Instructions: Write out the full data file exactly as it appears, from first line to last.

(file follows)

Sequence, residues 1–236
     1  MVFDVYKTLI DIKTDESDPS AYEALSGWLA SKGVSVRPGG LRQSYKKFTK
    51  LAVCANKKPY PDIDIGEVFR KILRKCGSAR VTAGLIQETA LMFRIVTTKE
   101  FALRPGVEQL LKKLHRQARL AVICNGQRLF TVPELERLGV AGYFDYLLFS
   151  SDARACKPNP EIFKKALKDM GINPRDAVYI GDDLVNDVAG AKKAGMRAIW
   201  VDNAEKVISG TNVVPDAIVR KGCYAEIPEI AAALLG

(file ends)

Sequence, residues 1–236
     1  MVFDVYKTLI DIKTDESDPS AYEALSGWLA SKGVSVRPGG LRQSYKKFTK
    51  LAVCANKKPY PDIDIGEVFR KILRKCGSAR VTAGLIQETA LMFRIVTTKE
   101  FALRPGVEQL LKKLHRQARL AVICNGQRLF TVPELERLGV AGYFDYLLFS
   151  SDARACKPNP EIFKKALKDM GINPRDAVYI GDDLVNDVAG AKKAGMRAIW
   201  VDNAEKVISG TNVVPDAIVR KGCYAEIPEI AAALLG